Letcher County may create a river trail along the Kentucky River for tourists and canoeists like these who gathered on the Kentucky River in 2011 in Clark County for a rally.

[imgcontainer] [img:wpz6C.AuSt_.79.jpg] [source]Photo by Greg Kocher/Lexington Herald-Leader[/source] Letcher County may create a river trail along the Kentucky River for tourists and canoeists like these who gathered on the Kentucky River in 2011 in Clark County for a rally. [/imgcontainer]

Peddling a New Solution – When thinking of the economic forces that drive the country, the mountain biking industry probably doesn’t come to mind. However, researcher Jeff McNamee and other rural Oregonians think biking’s the business their area needs. The timber industry is unable to support many of Oregon’s small towns these days, leaving many searching for the next big thing. McNamee recently conducted a study on the economic impact of three major mountain biking events that took place in the towns of Bend and Oakridge. All together, the events led to $2.6 million in direct tourism spending, $3.7 million in sales and 52 local jobs. This comes only weeks after Travel Oregon issued a report showing a $400 million annual economic impact from bike-related travel.

Bikeoregon.org says that this research couldn’t come at a better time, and hopes policy makers will soon take attention to this trend.

Row Your BoatA new tourist attraction could be coming to Letcher County, Kentucky. Officials in the county are currently mulling over a plan that would open a water trail throughout the county, giving canoeists a new river to explore.  This would make the 5th trail for nature lovers in Letcher to enjoy, as trails for all-terrain vehicles, hikers, bikers and horseback riders have already been approved.

Terrence Ray, who recently organized a canoe run for Letcher County’s Watershed Organization, Headwaters Inc. to survey the area, recognizes there are challenges ahead, particularly the trash in the water. “That’s probably the biggest obstacle at this point; a lot of the stuff there is probably 20 years old and has been in there a long time.”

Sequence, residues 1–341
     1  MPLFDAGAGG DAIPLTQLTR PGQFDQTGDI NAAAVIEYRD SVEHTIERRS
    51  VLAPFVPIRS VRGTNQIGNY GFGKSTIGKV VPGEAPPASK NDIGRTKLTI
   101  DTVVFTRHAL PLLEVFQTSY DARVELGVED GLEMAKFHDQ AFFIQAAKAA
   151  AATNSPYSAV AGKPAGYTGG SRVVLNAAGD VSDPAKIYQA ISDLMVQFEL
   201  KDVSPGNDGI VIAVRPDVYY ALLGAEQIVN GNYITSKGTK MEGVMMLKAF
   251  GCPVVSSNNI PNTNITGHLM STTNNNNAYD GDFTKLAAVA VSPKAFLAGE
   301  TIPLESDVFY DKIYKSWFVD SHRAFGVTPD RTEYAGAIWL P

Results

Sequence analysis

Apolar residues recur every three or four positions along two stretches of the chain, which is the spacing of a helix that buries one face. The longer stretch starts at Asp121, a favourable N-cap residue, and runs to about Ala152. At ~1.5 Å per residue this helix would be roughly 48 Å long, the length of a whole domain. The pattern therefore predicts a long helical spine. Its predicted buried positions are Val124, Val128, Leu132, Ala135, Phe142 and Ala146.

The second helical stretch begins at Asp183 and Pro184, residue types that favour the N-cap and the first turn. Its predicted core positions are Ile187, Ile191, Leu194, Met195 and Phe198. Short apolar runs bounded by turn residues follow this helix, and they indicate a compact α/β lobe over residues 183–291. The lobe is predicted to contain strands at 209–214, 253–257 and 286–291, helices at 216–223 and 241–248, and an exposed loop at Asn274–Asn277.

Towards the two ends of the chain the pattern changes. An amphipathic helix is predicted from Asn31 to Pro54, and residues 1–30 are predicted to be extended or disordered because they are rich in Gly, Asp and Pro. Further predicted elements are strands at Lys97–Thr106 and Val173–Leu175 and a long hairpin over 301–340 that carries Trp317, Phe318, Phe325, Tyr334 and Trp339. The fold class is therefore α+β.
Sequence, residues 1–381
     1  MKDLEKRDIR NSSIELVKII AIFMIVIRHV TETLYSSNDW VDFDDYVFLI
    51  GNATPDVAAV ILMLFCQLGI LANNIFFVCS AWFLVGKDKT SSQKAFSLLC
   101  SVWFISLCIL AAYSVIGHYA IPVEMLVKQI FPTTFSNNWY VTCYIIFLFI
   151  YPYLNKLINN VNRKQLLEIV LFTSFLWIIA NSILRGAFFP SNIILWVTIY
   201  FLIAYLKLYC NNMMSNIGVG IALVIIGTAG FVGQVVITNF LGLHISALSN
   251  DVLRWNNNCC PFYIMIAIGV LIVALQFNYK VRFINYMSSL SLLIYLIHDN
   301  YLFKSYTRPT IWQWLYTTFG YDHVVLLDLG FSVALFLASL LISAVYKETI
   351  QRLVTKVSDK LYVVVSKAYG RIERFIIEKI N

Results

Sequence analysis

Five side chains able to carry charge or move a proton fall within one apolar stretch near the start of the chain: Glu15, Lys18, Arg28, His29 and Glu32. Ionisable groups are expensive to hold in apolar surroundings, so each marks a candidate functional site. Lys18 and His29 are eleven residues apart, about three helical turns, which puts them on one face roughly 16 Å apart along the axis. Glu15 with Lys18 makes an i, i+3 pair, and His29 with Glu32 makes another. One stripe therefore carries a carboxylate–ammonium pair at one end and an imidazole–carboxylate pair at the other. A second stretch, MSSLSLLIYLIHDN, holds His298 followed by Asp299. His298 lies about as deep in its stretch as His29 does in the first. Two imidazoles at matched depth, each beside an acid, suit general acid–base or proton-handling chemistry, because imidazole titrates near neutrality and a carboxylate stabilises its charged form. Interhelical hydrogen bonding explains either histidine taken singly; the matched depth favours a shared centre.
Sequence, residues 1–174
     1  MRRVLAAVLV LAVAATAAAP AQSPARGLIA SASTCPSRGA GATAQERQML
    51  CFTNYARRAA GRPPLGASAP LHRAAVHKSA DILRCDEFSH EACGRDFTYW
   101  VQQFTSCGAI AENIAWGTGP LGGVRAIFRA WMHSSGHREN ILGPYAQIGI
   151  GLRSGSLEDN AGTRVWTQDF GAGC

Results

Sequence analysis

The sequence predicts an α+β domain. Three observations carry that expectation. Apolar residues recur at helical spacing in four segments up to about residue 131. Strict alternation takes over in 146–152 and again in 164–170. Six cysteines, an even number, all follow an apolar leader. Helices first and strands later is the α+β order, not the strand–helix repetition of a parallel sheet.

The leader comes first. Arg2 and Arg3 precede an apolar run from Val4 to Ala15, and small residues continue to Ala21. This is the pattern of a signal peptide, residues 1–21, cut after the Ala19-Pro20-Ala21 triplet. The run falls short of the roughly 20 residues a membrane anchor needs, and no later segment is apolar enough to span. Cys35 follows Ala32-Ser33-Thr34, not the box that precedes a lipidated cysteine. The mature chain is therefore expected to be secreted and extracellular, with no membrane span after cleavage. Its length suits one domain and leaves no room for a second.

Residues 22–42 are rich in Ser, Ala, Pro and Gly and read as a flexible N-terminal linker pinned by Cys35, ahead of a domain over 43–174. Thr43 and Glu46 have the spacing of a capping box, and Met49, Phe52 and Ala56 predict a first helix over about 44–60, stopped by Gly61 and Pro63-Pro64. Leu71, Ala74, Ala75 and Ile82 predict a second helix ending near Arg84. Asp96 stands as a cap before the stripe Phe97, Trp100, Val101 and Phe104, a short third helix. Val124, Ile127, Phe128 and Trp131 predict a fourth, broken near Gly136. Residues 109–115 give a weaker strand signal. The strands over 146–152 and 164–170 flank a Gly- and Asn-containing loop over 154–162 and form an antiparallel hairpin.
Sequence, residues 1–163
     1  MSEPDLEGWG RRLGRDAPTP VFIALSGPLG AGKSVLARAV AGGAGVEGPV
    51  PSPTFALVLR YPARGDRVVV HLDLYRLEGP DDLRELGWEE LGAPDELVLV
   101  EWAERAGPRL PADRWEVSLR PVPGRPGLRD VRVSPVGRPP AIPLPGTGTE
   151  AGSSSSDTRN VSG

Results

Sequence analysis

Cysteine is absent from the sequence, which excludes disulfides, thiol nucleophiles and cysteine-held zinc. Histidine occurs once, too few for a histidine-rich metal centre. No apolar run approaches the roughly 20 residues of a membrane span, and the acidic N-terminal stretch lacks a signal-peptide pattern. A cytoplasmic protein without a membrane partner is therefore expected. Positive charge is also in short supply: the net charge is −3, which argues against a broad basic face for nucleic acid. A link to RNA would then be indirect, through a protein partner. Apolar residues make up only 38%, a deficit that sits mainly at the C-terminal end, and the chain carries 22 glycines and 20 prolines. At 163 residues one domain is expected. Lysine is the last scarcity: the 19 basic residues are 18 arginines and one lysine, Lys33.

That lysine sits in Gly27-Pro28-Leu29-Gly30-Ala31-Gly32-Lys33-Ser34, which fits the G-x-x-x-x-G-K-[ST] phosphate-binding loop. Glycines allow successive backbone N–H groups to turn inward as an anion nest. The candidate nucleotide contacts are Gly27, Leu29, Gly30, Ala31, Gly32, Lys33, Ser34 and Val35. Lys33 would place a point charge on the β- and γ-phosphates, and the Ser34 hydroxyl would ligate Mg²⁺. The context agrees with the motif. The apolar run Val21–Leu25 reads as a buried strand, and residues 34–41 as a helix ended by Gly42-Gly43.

Jerry Collins, who participated in the canoe run, still admires the rivers natural beauty. “It’s the best it has ever looked.”

Agricultural Competition – USDA recently took measures to widen the pool of participants eligible for rural grants, leaving many farmers in small town America flustered. Critics of the decisions, like the director of the Rio Culebra Agricultural Cooperative Bernadette Lucero, say there is a clear shift within rural development as grant money moves away from small producers and toward more regional enterprises. Her co-op, which was given grants over a six year span worth a combined $800,000, recently lost the money they usually receive to larger groups such as the Rocky Mountain Farmers Union.

Defenders of USDAs decision say it was made in favor of the greater good. “I can see where some of the small co-ops could’ve been outcompeted,” said Dan Hobbs, a cooperative specialist with the Rocky Mountain Farmers Union. “I’m sure there are some sore feelings out there about that. But I believe it was probably a responsible move on the USDA’s part to widen that pool.”

Water for Rural Kenya – Fresh water is now readily available in parts of rural Kenya where residents once walked miles to reach it. World Vision, an international nongovernmental organization, helped community groups to install pumps that use solar power. These pumps take water tapped in boreholes and transport it to the inhabitants of Kakamega County. The pumps are located in schools so that children receive the water first, but more than 6,600 people are already benefiting from a single borehole at the Lukova primary school alone.

“Installation of these solar panels is a blessing for our community. That is why we must take full advantage of it,” said Julius Mbuya, of the water users association, whose organization also plans to install lighting in the community’s schools powered by excess energy generated by the panels.

Need for a Little More Speed – A piece of legislation in Illinois that could have been inspired by the newest installment of the Fast and the Furious franchise has reached the governor’s desk. The bill, which proposes that the speed limit on rural interstate highways be raised from 65 to 70 mph, passed easily in both the house and senate. Still, not everyone is a fan of the bill, as the Illinois state police and Department of Transportation Secretary Ann Schneider have both opposed the legislation.

Advocates of the bill highlight similar examples in Colorado and California where fatalities and injury crashes fell when the speed limit was increased to 70 mph. State Rep. Jerry Costello, House proposal sponsor for the bill, also says the current rules are out of date. “[Modern cars] are designed to go faster.” 

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